There is so much knowledge that is assumed, that kids know what it means to analyze a text, or to explain how the text features contribute to the readers’ understanding. Sure, I can teach them how to do this, but doesn’t teaching mean showing and doing, or rather, having the kids do it? These lessons seem to be more about telling them to analyze and less about showing them what it means and how to do it. 

I don’t have a problem taking a curriculum and making it my own.  In fact, I would rather do this. I have never been the type to stick to a scripted program, but of course doing this requires even more work. First, I must understand what the main goal of the lesson really is, in relation to the standards (something that should be clear in a teacher’s guide, no?), and then I have to decide how to address the needs of my class while teaching to them the same standard. 
 
So I have this routine. I come home, reflect, and then figure out a way to conquer tomorrow. Expectations are unclear from administrators; they are doing their best to learn it too.  
 
But you want to know the saddest part? The deep, profound impact ReadyGEN is having on my students in a negative way. That’s what’s keeping me up at night. The fact that I have been teaching routines, directions, and skills without being able to delve into the deeper issues of life that really matter. The fact that I can’t teach social studies because there is no time, and what all these programs are really doing is prepping kids to take a test. The fact that I am a cog in the wheel rolling towards a world of charter schools that have no unions, because public schools are being set up for failure. The fact that a student’s parent asked me point blank today, “What can I do to help my son? He is on a second grade reading level and he is in 5th grade. He just came from Bangladesh and is behind.  He needs help. How can I help? How can you help?” I had to tell him to wait, because I can’t meet with small groups quite yet, and because all of the kids are reading the same book because they are all being tested and held to the same standards, and that’s really about it.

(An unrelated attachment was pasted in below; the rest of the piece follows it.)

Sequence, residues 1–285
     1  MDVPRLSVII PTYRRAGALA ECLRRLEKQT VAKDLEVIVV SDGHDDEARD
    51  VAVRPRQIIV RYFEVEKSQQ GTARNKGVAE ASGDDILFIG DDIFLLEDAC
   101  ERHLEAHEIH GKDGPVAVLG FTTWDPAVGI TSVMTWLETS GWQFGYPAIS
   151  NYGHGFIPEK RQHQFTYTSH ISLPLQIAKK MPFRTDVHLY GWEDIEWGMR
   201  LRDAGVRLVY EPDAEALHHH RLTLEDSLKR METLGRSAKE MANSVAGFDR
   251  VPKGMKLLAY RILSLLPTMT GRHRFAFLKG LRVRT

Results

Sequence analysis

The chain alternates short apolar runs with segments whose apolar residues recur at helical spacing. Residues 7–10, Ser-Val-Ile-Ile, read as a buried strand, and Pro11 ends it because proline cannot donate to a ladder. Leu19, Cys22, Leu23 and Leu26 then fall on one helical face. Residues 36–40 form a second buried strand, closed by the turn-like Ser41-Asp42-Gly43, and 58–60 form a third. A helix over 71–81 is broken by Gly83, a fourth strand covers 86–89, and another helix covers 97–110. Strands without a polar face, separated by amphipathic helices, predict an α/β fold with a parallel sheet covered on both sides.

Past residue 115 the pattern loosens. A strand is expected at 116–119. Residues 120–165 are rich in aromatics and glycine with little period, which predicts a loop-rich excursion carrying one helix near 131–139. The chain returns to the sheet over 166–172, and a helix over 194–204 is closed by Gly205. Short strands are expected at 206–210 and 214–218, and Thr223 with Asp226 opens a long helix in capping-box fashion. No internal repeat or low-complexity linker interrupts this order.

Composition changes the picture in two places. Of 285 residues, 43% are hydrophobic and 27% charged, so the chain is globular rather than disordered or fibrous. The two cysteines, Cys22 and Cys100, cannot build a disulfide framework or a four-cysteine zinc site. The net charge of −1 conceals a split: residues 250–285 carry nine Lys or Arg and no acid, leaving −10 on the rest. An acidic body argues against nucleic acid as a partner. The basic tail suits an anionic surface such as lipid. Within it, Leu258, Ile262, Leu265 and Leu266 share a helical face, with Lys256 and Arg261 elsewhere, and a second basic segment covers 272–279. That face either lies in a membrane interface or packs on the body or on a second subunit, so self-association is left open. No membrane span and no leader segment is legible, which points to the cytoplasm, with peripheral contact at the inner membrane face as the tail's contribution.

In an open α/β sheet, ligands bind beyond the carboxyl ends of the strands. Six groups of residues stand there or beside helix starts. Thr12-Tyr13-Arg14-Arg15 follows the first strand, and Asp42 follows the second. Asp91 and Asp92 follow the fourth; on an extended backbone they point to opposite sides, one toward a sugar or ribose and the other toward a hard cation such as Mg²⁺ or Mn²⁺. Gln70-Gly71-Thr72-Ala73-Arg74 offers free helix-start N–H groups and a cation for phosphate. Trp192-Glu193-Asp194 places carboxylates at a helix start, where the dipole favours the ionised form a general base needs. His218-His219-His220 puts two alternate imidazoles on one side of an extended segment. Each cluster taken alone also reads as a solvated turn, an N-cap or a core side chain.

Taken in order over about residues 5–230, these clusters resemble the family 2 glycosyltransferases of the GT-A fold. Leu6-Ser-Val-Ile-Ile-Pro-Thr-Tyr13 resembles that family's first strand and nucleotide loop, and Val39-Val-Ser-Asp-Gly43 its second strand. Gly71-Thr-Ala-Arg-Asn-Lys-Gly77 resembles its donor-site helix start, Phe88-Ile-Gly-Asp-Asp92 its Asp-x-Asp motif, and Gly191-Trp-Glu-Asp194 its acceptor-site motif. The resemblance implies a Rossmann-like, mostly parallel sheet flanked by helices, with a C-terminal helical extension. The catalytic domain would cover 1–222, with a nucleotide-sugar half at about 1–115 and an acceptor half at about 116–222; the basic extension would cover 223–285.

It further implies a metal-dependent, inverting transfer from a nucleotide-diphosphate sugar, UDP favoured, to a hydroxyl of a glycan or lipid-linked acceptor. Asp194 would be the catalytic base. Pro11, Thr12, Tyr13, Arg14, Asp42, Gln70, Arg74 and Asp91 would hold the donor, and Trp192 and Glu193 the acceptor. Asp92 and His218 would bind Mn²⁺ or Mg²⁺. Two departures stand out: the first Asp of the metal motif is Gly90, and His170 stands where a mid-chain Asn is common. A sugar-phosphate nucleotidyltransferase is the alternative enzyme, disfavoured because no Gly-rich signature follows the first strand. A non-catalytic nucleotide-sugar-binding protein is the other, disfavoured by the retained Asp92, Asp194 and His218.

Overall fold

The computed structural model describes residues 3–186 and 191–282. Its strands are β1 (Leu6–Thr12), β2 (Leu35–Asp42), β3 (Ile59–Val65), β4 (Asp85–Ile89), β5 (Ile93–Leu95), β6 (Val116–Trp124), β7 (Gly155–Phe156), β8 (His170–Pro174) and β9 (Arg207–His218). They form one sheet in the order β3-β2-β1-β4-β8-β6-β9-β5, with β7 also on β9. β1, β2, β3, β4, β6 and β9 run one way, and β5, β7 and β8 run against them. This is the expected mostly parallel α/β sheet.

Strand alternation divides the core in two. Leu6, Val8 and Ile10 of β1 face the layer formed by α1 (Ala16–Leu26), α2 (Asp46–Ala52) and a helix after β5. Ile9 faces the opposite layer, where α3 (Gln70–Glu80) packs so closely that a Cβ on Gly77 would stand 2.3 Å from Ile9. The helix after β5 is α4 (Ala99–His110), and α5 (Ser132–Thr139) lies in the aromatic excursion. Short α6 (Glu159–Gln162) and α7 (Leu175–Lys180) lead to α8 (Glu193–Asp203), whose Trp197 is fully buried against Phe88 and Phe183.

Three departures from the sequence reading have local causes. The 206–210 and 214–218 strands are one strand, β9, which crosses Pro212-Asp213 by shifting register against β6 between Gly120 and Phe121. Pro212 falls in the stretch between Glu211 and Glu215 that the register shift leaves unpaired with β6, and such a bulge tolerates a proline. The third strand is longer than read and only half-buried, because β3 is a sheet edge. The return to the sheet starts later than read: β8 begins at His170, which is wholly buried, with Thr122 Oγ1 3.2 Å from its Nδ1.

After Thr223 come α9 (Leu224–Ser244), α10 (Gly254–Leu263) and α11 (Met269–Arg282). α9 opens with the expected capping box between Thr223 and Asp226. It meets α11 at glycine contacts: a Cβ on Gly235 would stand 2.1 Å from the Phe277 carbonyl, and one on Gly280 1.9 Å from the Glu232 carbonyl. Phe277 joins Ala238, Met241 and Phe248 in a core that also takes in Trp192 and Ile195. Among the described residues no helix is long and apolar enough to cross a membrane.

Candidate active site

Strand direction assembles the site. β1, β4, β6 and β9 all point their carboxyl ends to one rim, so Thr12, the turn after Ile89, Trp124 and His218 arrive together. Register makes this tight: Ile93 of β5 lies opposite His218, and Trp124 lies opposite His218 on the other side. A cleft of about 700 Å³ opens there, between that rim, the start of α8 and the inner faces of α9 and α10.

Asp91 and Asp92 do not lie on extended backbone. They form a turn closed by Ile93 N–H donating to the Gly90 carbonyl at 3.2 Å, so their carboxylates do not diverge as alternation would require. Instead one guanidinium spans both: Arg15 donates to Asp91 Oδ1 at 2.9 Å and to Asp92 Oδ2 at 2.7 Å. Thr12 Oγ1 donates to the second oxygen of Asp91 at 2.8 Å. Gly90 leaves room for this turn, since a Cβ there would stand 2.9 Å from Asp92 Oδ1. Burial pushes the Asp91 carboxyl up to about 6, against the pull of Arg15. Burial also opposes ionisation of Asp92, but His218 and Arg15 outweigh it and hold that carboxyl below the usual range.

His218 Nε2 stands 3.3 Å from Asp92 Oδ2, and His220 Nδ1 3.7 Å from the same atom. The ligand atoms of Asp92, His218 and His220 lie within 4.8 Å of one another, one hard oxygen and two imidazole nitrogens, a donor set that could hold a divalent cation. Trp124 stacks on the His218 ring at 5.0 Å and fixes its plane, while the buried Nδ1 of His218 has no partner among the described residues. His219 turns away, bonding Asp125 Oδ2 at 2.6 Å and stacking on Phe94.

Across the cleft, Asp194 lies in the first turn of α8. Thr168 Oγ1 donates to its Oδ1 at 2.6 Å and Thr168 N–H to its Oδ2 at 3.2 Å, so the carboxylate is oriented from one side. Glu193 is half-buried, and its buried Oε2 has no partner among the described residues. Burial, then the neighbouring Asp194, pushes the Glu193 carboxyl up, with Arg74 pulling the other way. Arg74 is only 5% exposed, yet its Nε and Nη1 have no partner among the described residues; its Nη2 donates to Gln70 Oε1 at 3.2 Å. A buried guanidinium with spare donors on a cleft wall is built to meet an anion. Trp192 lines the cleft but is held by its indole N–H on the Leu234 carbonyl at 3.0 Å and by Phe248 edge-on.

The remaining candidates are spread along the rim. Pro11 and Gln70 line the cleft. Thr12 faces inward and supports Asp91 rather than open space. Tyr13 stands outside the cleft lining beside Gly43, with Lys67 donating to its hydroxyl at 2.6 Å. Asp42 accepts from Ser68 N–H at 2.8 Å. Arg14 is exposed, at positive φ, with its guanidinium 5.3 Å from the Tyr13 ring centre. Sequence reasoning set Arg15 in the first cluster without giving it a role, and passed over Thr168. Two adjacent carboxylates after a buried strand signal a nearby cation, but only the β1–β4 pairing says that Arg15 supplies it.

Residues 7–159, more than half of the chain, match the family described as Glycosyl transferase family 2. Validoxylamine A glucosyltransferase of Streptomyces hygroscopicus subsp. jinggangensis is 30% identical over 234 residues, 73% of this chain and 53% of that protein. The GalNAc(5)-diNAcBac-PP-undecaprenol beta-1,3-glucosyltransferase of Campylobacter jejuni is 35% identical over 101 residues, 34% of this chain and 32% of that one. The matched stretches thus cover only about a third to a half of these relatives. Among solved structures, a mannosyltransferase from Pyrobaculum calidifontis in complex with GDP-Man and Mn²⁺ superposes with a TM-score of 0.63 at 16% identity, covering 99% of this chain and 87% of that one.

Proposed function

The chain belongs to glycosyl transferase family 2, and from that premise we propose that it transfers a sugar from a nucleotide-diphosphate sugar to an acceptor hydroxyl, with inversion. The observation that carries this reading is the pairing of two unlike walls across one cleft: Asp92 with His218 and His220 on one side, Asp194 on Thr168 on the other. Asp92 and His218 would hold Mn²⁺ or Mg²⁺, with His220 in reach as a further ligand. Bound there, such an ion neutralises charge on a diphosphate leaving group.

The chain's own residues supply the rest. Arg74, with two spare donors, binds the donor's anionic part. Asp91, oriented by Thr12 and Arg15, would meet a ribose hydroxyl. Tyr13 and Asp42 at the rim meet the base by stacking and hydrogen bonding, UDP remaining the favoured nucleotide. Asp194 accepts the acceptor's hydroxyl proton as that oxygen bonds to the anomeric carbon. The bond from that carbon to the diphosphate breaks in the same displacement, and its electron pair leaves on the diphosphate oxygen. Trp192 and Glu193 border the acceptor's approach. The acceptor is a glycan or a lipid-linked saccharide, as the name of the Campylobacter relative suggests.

It is unfair that teachers have had no time to plan, implement, and understand this new program, and our students are on the receiving end of our trial and error process. They deserve better. As the days go by, I am slowly becoming more and more empowered to chip away pieces of this program and to just teach. I will do what I need to do so that my kids can learn and grow. And I don’t really care if the new rubric doesn’t recognize my effectiveness. If I can help that one student, whose parent reached out to me, I did my job. 

Freedom to Teach, Freedom to Learn: A Year at Mission Hill

Teachers' Letters to Bill Gates

Chapter 8 – The World of Work

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What “college and career ready” really means

Bill,

“College and career ready” is one of your ed reform slogans that’s repeated ad nauseam.  Your way of achieving this goal is to use the Common Core State Standards (CCSS), which you pretty much single-handedly funded, to train all US students to think a certain way.  You argue that this will make them more competitive in an increasingly globalized economy.  In doing so, English-language arts and math curricula are narrowing and becoming uniform, and schools, more than ever before, are turning into test prep factories.

In contrast to your vision, which centers on preparing students for high-stakes tests, as an experienced educator of English-language learners, I find Mission Hill’s interpretation of “college and career ready” to be developmentally appropriate and much more engaging than what ed reform, through its CCSS package, is offering.

Mission…

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Pearson’s ReadyGEN: May the Farce NOT be with you

Are there any NYC elementary schools NOT using ReadyGEN’s ELA Common Core curriculum?